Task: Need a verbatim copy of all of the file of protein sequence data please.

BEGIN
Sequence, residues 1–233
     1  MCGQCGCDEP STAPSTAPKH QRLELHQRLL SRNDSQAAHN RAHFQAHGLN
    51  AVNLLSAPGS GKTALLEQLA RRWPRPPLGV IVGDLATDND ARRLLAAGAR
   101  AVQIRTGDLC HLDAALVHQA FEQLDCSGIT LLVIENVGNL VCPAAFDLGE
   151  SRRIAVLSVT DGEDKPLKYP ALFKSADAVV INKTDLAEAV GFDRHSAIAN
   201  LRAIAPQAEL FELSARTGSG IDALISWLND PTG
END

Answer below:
Sequence, residues 1–233
     1  MCGQCGCDEP STAPSTAPKH QRLELHQRLL SRNDSQAAHN RAHFQAHGLN
    51  AVNLLSAPGS GKTALLEQLA RRWPRPPLGV IVGDLATDND ARRLLAAGAR
   101  AVQIRTGDLC HLDAALVHQA FEQLDCSGIT LLVIENVGNL VCPAAFDLGE
   151  SRRIAVLSVT DGEDKPLKYP ALFKSADAVV INKTDLAEAV GFDRHSAIAN
   201  LRAIAPQAEL FELSARTGSG IDALISWLND PTG